Whether you’re auctioning one or two paintings in your silent auction, live auction, or holding a charity event completely made up of art, it is possible to make a lot of money for your cause with a charity art auction fundraiser.
The success of an charity art auction will come down to three things: marketing/displaying the pieces properly, having the right audience, and hiring the right charity auctioneer.
Just like you wouldn’t buy an expensive vacation without reading the fine print, you’d never bid on a piece of art without seeing it or knowing a lot about it. We recommend all Bidr silent auctions actually allow their guests to preview their auction items and even open the auction bidding before the actual event. This is critical with pieces of art. Your guests will want to see high resolution pictures as well as detailed descriptions about the medium (oil or pastel, canvas or metal), size of the piece and information about the artist. Display each piece of art as prominently as possible with space between each piece. The better the art looks, the higher bidders tend to bid.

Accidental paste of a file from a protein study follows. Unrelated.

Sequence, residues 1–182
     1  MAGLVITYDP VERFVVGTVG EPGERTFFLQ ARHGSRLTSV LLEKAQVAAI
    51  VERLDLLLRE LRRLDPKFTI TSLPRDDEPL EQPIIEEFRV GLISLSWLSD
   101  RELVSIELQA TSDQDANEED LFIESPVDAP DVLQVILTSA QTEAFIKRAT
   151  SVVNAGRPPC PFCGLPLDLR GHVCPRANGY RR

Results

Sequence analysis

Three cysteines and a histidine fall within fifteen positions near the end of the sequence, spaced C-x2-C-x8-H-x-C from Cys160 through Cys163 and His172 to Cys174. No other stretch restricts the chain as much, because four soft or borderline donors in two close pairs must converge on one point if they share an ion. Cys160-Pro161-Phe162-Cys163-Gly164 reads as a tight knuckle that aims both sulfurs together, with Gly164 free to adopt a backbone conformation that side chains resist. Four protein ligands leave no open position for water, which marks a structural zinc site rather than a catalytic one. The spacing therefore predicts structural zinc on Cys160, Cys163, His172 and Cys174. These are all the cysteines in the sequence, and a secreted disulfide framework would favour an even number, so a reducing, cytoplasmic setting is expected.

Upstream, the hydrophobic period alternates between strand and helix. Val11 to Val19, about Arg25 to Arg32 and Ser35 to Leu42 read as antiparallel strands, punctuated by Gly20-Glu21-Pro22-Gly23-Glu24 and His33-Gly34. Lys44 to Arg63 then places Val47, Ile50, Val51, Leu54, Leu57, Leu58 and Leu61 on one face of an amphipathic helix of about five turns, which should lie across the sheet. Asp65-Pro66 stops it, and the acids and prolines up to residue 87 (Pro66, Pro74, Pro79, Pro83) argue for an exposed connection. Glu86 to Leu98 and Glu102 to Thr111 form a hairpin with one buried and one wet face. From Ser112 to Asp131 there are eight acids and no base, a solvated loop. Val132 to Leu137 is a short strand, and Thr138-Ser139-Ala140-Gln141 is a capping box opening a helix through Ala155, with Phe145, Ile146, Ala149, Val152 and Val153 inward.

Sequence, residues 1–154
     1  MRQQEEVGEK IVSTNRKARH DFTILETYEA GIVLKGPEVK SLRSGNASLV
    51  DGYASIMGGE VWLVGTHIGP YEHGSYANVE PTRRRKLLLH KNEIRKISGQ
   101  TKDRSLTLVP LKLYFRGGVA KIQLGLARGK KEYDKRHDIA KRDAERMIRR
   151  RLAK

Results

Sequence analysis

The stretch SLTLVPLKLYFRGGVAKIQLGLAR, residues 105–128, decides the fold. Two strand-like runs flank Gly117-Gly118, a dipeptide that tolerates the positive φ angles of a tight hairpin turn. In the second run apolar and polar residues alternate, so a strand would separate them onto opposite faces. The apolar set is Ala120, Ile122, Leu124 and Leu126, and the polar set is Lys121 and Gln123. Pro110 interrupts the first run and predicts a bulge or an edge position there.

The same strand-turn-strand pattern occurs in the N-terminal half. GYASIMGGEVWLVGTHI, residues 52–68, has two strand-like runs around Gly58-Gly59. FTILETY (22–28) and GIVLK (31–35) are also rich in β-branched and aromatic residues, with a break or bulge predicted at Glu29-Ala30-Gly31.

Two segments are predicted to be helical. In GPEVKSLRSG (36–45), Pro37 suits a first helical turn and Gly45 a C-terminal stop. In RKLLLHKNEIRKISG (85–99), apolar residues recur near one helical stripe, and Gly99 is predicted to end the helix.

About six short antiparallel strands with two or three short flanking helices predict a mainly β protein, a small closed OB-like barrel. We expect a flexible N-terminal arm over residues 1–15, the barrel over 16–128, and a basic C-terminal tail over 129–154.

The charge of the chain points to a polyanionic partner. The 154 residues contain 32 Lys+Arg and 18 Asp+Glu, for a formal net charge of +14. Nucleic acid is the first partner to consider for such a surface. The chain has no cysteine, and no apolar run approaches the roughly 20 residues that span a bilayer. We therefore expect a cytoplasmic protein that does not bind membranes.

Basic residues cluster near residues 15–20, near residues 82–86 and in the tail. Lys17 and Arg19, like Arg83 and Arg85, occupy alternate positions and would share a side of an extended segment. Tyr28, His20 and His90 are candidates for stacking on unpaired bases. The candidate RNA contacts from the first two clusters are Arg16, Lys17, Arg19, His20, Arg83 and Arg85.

The Right Audience
Art is highly subjective and it can be an expensive investment. If you’re inviting people to your event who are looking for deals on salon gift certificates and Yeti coolers, a painting will be a tough sell. But if you know several of the people in your audience are art collectors, you would be smart to get to know what types of pieces they collect. Try to attract well known artists and consider prices the majority of your audience can afford. Provide the artist with free tickets to your event and ask him to represent his work to guests.
Not just anyone will do…you need a Charity, Benefit, or Fundraising Auctioneer
If you’re having a live auction, it’s critical to hire an auctioneer with experience doing charity, benefit or fundraising auctions. Get and check references. The auctioneer should arrive early, get familiar with the art to be auctioned, and read over basic information about each work and the artist who created it. Well described art will sell better. Your auctioneer should have a sense of humor and get the audience excited. They should present and describe each artist and item in an informed manner. Most important, they should encourage bidding competition, entice extra bidding, and convince bidders to be especially generous because you’re raising money for a great cause.